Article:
On Balance  

The road to Christmas

You know the sign that makes you nuts on a busy multi-lane roadway, right? “Road narrows, lane closed.”


There’s two different ways we deal with this. One way is the “early merger,” the dutiful citizen who sees the sign and right away starts to heel over into the open lane. Proper protocol, timely response, the egalitarian taking of turns.

The second way is “late merger,”  who hauls on past the growing line of vehicles in the open lane until the last moment, just before the barrier, and then quickly slides into the other lane. The efficiency expert.

By now, you’re into opinion mode. One or the other of these two, depending on your thoughts and feelings on the subject, is right. The other one’s off your Christmas list, and should be kicked off the freeway, too.

Well. Turns out there are whole schools of thought and research on the subject, and to sum it up, we’re both right. And wrong. Depends what you’re trying to get done, apparently. Traffic flow is a cruel mistress.

Same thing for shopping, like for Christmas. Or other big gift giving moments in your life. I have a plethora right now, so this is when I think about this stuff.

Some people did their shopping in August, and that worked for them. Others, well, it ain’t the 24th yet, right?

For folks in the second camp, and for those looking forward to some future gifting moment, like say, Valentine’s, I thought we’d use the present narrowing in the road, the urgency about getting it done, to talk about gifts for the rider in our lives.

Riders hoping for a relevant goody under the tree, it’s up to you to figure out how to get this column under the nose of the Significant Other.

So, shopping for riders. Let’s do categories.


Go with the rider’s friend, merino wool. Base layers, buffs, socks, all that sort of stuff, none of it has to be “branded” with the motorcycle logo to be absolutely choice multi-season riding gear.

Or leather, being renewable, natural, and so on. Also important for safety. Support our ranchers and farmers, go with leather goods top to bottom.

Leather gloves, for instance. Riders who don’t have gloves should, and riders who do are always looking for better ones. The best are leather, full-finger, and preferably armoured. Instructors’ observations: Probably most riders in the Okanagan need better gloves.

Or boots. Again, essential safety gear, very often just on a wish list. Leather, above the ankle, avoid fabric/stretch inserts. No need for bike company brands  to get good protection, but riding-specific boots have some sweet features, like armour, and waterproof liners.

And jackets. Whoa! If you’re spending that kind of wad, don’t waste it! Thick, well-made leather jackets are still the cat’s, and they’re good safety value.

Get a genuine riding jacket, with armoured elbows, shoulders, and back. More important than fancy embroidery. Avoid the light, soft leathers in fashion garments.

Warm and cozy:

As above.  Or consider that electricity is still a wonderment. Heated vests, jacket liners, and gloves are huge favourites. Some plug in to the bike, some have their own batteries, some do both.

They all make riders happier and safer. They don’t need to break the bank to work well, either.

Heated grips are available as kits for any bike, ideal for the tinkerer.

All of this heated stuff is solid gold for people, some of whom are female, who tend to chill a little easier than others.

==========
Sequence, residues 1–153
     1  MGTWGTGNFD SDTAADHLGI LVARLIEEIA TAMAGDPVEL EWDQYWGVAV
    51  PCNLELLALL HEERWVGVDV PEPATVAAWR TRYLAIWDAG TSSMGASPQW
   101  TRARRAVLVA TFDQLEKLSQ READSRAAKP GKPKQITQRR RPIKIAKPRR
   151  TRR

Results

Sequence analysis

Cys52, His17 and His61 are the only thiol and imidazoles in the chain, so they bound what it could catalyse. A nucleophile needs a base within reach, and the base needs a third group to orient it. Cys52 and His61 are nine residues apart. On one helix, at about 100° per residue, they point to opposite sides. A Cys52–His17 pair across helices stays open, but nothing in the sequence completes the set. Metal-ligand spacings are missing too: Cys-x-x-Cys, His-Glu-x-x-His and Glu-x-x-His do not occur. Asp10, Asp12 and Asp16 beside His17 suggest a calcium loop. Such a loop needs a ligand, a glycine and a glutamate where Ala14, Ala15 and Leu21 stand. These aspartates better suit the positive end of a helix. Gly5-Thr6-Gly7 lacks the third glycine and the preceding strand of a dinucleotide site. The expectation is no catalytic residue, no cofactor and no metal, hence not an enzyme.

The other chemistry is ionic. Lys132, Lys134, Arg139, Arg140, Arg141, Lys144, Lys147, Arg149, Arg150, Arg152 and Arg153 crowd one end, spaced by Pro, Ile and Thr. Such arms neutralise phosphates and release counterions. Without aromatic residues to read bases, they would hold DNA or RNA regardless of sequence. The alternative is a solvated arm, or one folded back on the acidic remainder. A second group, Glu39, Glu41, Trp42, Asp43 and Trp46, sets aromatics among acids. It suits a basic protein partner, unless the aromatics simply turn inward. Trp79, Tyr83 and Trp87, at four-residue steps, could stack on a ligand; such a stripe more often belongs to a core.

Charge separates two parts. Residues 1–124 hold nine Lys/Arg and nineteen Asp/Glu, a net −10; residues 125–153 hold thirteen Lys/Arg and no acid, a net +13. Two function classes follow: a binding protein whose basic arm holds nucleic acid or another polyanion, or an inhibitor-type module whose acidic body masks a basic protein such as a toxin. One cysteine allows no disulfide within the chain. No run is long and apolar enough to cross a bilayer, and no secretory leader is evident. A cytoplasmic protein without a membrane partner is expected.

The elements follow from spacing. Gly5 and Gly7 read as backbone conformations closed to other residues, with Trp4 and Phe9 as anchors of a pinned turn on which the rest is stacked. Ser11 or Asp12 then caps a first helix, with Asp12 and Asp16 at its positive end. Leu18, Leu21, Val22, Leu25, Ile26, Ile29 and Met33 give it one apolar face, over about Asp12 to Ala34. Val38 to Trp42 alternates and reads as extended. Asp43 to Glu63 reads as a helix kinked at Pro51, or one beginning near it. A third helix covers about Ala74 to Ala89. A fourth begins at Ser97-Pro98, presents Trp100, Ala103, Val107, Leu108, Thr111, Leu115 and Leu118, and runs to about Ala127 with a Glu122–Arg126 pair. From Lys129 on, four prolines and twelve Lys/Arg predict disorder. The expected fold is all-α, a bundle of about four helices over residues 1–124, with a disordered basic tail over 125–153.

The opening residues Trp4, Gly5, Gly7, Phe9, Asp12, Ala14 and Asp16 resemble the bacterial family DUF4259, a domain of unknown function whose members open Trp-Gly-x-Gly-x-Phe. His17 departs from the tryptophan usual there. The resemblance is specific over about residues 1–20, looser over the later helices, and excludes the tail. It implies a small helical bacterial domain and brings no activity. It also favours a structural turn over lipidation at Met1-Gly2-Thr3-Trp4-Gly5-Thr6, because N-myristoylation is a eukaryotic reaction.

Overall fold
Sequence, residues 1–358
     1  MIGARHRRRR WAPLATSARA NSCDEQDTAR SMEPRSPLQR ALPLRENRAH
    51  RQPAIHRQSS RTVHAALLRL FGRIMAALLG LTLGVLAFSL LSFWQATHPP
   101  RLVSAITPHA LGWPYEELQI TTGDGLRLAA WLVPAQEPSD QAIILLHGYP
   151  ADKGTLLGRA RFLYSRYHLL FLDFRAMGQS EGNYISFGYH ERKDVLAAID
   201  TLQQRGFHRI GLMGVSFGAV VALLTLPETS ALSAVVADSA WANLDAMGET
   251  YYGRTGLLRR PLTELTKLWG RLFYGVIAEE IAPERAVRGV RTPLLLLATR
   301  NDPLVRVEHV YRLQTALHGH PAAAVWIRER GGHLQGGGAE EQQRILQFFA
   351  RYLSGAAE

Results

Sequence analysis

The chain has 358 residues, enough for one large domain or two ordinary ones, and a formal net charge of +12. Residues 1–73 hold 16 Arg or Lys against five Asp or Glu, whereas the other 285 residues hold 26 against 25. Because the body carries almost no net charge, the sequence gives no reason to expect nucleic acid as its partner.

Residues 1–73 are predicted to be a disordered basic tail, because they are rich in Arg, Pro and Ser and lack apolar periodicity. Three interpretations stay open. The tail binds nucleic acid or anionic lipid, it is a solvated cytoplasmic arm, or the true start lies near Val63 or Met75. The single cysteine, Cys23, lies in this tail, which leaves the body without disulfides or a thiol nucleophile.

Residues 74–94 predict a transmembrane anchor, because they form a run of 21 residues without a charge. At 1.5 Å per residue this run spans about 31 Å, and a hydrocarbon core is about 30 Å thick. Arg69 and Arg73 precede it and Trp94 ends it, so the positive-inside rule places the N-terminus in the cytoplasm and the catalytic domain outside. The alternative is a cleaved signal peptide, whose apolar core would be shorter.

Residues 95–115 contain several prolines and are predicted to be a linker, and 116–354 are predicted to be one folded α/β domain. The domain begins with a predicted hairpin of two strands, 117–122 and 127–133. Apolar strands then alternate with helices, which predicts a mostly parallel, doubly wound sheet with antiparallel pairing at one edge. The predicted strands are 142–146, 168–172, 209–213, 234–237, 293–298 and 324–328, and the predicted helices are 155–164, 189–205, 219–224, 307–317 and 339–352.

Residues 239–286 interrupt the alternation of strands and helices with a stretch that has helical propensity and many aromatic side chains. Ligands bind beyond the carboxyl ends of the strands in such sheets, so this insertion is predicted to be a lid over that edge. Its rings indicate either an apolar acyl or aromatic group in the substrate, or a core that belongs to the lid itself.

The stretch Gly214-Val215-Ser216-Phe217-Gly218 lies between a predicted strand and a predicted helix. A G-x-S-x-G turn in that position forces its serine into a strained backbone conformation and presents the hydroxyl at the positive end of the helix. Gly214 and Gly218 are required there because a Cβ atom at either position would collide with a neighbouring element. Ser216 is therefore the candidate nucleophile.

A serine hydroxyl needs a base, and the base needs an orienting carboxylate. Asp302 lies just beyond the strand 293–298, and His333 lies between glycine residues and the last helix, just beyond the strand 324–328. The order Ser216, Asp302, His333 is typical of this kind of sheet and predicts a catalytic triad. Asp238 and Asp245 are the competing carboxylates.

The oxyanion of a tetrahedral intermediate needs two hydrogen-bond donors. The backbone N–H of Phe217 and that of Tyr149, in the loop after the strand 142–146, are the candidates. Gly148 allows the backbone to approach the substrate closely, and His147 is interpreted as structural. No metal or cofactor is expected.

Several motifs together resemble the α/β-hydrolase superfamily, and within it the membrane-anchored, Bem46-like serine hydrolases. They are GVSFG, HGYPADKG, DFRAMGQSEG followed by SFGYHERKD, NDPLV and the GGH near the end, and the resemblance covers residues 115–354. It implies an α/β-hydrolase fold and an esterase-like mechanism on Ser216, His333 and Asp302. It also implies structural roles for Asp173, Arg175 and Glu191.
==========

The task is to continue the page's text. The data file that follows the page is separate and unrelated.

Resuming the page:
Bright and shiny:

Safety research tells us to like bright colours and lights. So, more of us have learned to love our high-viz vests and jackets, but it’s still a fashion challenge for some.

Your call, you know him/her best, but there are some really cool vests out there for not much moolah.

Less touchy choices are the (increasingly functional and stylish) lights and reflector packages, again ideal for the tinkerer, if not the minimalist.

LED fog lights mounted low on the bike are a brilliant route to style and safety, so lucky are the few.

Along those lines, brake light modulator kits are cheap, easy to add to a bike, and a useful defence in traffic.

And don’t forget chrome. Lots of us are just magpies, can’t resist anything that’s shiny chromed, so there’s a sure bet. Except maybe underwear.


Generally, some riding gear is better than none; good quality, tested and approved riding gear is better than costume stuff; retro-reflective and high-visibility elements work, as does armour.

Good fit is crucial, and around here flexible stuff, that lets you adapt to big temperature swings, makes good sense.

An Australian site about riding gear quality, MotoCap covers lots of stuff available here, and tells us what to look for: 

Now, this lane’s closed up ahead, and I need to get to town, so I’m going to leave you with this:

The best gifts are mostly about enjoying time together, and I really appreciate the time you’ve spent with me.

Play safe, and Happy Holidays.


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About the Author

Bill Downey is a retired professional social worker in support programs for people with congenital or acquired physical and cognitive challenges, who was also a volunteer firefighter and a BCGEU health and safety advocate.

For many years, he has been a motorcycle riding coach/instructor with Kelowna Safety Council who spends too much time studying international traffic safety research and not enough time doing all the outdoor things a boy from the Okanagan should be doing.

He has lived a very large portion of his life on two wheels as a commuting and travelling cyclist, but, for the extra challenge, he is also as a motorcycle commuter.

By nature, he has a balanced approach to all things.

[email protected]https://kdsc.bc.ca

The views expressed are strictly those of the author and not necessarily those of Castanet. Castanet does not warrant the contents.

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